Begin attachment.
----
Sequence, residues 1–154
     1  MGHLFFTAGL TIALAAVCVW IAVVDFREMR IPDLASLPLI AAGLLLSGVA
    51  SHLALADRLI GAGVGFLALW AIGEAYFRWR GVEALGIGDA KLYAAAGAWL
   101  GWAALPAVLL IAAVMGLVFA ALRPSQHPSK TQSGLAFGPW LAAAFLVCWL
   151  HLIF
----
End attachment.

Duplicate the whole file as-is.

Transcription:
Sequence, residues 1–154
     1  MGHLFFTAGL TIALAAVCVW IAVVDFREMR IPDLASLPLI AAGLLLSGVA
    51  SHLALADRLI GAGVGFLALW AIGEAYFRWR GVEALGIGDA KLYAAAGAWL
   101  GWAALPAVLL IAAVMGLVFA ALRPSQHPSK TQSGLAFGPW LAAAFLVCWL
   151  HLIF